Last week I was in San Diego for Comic Con. This year marks my fifth time that I’ve been to San Diego Comic Con.
This month of July also marks twenty years since I attended my first comic convention in Chicago, when it was then known as Chicago Comic Con (it was bought by Wizard World in 1997).
As usual, it’s always fun to go to the biggest geek party in the world. I normally complain about how it’s gotten so big, but this year it didn’t feel as big as previous years– particularly on the exhibit floor.
The exhibit floor on Thursday, Friday, and even Saturday was very walkable– it wasn’t as crowded as previous years, by far. Sunday on the other hand, was a madhouse on the floor everywhere I went. It’s the day that people do their shopping in general and vendors are willing to drop their prices the most so they don’t have to haul stuff back to their shop.
I noticed more families and kids at Comic Con this year. This means that the con has become more family-friendly than every before and I also noticed that booth babes were virtually gone. Pretty much every day on the exhibit floor I saw kids and parents with strollers moving about. This is great that they are more inclusive of everyone.
The Omni playback room was actually pretty good this year. It wasn’t crowded, it’s air-conditioned, and the bathrooms are somewhat clean nearby.
The lines for exclusives and toys was ridiculous. I’ve read forum posts about how the exclusives lines at the beginning of the day is already flooded by professionals (vendors) who buy them up and re-sell them at their booth. This is essentially cheating.
Some of the strollers I saw didn’t even have any kids in them. And some of them were absolutely huge and stuffed with merchandise. The parents obviously were using them as shopping carts.
Selfie sticks were also pretty annoying. I thought they were banned from SDCC starting this year, but there was plenty of them being extended above the crowd.
The parties outside of the convention center is just too noisy and douche-y for my taste now. I think a lot of locals use it as an excuse to have a big city-wide costume party with some hopes of running into a celebrity. Yeah, sure it’s great for the local bars and restaurants, as they make a year’s worth of profit from a week’s work.
Some of the security staff on the exhibit floor were not well trained or professional. Many are pretty good and do what they can to have fun with the large crowds, but a few were rude. For instance, in a crowded line of people moving in one direction trying to take photos of celebrities at a signing booth, a security personal should not be yelling at the people in the middle to keep moving forward if they are unable to. Obviously the people at the end/exit need to keep moving so everyone else can move. Asking for the middle line to trample on top of others is just stupid.
Super Asian America Panel
This was the one live panel that I went to fully.
The panel discussed Asian-American stereotypes, identity, diversity, and culture in the entertainment industry. The panelists included Dariane Nabor (@dariane) as the moderator, Amy Chu (@amychu), Greg Pak (@gregpak), Keith Chow (@the_real_chow), Dante Basco (@dantebasco), Ilram Choi, Sumalee Montano (@suemolly), and Chloe Bennet (@cholebennet4).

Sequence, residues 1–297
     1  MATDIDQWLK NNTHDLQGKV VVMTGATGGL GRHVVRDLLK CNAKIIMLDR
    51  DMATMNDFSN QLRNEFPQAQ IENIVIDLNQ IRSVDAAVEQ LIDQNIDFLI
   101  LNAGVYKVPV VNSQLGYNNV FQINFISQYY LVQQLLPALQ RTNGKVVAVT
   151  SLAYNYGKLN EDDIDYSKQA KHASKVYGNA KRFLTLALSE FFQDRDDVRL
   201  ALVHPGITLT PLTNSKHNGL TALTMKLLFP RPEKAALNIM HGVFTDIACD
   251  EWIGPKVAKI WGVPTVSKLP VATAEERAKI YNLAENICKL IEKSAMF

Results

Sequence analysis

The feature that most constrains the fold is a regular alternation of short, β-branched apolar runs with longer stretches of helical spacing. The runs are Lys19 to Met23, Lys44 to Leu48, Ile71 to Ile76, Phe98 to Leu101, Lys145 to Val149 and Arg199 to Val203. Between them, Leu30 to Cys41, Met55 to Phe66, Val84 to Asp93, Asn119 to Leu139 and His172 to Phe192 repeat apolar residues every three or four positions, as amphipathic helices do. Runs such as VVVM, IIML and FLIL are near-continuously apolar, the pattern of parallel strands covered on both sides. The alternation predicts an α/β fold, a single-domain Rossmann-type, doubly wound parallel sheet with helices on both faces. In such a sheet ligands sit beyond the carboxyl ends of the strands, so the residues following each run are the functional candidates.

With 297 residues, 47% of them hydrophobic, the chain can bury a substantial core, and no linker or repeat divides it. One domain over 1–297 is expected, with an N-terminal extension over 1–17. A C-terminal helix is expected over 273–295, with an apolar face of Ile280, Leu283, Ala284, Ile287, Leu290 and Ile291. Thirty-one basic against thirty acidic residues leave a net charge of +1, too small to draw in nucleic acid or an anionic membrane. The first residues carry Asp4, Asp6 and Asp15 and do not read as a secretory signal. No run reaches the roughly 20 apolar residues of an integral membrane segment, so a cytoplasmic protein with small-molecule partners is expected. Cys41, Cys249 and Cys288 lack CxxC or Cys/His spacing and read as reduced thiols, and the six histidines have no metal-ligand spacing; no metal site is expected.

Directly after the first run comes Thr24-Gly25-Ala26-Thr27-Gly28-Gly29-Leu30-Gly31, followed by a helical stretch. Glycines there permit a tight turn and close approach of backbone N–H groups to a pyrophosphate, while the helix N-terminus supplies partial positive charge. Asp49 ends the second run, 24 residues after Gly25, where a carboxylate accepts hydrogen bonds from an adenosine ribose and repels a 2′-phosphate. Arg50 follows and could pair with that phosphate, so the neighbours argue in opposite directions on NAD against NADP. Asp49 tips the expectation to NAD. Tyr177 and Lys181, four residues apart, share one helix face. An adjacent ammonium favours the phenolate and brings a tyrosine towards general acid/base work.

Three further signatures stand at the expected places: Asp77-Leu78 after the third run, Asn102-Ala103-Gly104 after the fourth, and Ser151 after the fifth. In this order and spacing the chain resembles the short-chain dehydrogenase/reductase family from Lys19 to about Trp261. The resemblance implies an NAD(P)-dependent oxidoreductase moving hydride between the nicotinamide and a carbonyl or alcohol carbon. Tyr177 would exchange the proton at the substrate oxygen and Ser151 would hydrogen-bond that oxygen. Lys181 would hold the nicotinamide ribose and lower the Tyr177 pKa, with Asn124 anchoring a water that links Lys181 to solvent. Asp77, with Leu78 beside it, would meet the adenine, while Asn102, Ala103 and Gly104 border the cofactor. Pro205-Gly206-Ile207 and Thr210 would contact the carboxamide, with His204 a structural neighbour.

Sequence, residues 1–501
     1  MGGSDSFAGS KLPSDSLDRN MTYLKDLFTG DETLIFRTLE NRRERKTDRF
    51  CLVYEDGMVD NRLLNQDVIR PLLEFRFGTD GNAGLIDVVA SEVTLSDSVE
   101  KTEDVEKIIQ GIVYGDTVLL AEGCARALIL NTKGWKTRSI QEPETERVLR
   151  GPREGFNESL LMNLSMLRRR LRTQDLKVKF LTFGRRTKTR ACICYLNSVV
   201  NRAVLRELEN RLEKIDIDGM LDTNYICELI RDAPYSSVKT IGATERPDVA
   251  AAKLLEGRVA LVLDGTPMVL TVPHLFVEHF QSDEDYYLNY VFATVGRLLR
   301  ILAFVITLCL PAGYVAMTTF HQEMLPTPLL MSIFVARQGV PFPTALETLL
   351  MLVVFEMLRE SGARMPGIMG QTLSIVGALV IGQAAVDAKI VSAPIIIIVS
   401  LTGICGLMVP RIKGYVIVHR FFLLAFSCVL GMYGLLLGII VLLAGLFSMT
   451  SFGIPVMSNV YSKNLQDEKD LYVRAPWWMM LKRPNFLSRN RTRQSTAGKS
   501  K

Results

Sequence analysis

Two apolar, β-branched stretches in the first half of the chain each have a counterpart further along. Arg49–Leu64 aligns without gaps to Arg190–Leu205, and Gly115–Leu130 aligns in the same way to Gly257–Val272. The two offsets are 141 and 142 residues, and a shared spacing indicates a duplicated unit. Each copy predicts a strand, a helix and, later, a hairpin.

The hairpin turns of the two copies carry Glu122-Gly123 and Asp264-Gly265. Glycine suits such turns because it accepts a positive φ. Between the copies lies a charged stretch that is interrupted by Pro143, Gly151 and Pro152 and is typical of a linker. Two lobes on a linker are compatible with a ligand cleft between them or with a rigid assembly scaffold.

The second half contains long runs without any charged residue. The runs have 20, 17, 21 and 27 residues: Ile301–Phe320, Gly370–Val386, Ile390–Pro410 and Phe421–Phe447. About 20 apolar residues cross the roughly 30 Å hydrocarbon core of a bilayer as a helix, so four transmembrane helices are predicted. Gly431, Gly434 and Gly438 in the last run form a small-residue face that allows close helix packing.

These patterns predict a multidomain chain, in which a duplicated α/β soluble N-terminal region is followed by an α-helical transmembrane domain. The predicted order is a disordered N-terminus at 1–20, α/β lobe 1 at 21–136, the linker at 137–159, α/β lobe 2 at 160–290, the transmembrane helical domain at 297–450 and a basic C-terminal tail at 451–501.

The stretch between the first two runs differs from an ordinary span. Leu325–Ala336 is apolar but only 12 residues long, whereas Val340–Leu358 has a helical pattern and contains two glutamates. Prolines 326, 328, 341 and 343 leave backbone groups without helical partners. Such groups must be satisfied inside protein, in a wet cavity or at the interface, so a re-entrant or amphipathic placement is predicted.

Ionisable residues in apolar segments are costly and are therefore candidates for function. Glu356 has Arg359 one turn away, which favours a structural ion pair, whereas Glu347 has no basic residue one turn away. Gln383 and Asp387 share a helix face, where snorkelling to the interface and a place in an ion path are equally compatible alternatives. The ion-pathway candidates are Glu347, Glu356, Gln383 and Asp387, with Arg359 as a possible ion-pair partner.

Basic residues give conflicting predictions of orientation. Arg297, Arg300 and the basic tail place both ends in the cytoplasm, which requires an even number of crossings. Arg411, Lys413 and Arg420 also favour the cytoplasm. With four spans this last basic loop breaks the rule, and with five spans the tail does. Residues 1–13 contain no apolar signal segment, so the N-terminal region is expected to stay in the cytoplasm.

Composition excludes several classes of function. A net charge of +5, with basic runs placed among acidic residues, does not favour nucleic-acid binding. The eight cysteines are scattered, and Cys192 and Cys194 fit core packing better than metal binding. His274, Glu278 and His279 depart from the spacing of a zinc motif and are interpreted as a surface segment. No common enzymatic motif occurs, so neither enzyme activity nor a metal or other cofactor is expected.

It was a fantastic panel that I personally could relate to as an Asian American. I hope to see the video up on Racebending soon.
You can checkout my pictures in my Super Asian America FB album.
Who won Comic Con?
I thought Star Wars stole the show at Comic Con this year. Their panel introduced the new heroes and villains of Episode VII, but also brought the old cast on stage. Plus, they brought Hall H to a special Star Wars concert as a surprise. See: The Verge: Star Wars created the most magical event of Comic-Con
The best thing from Fox was Deadpool. Fantastic Four and X-Men: Apocalypse was just okay. The Game of Thrones, Batman vs Superman, Suicide Squad, Agents of SHIELD, Agent Carter panels were all also just okay.
I didn’t really care much for the Walking Dead panels. The Minority Report panel was extremely boring to watch. I also fell asleep during some other panel playbacks because they were also pretty boring.
Avoid the crazy lines of Hall H, Ballroom 20, and all the exclusives/merchandise booths. I want to go to SDCC to have fun and make good use of seeing/enjoying things. Waiting in line to only maybe get what I want isn’t what I want to spend my time on.
Stay positive. You’re probably going to get bumped, pushed, and/or even elbowed in the crowded exhibit hall. But if you can maintain a good attitude above it all, you not only help yourself, but those around you.
Check out the smaller panels. I say this despite me not following it myself this year. The big panels will almost always be uploaded to YouTube as some point, the coverage is immense. The smaller panels may not be recorded by an audience member. The focus, intimacy, and panel questions in smaller panels is more enjoyable in general too.
Playback panels is a great place to have your lunch and catch that big panel from either Hall H or Ballroom 20 you weren’t able to get into– or rather you were unwilling to sleep on concrete the night before for.
- 2015 San Diego Comic Con - Day 1
- 2015 San Diego Comic Con - Day 2
- 2015 San Diego Comic Con - Day 3
- 2015 San Diego Comic Con - Day 4
- 2015 San Diego Comic Con - Super Asian America Panel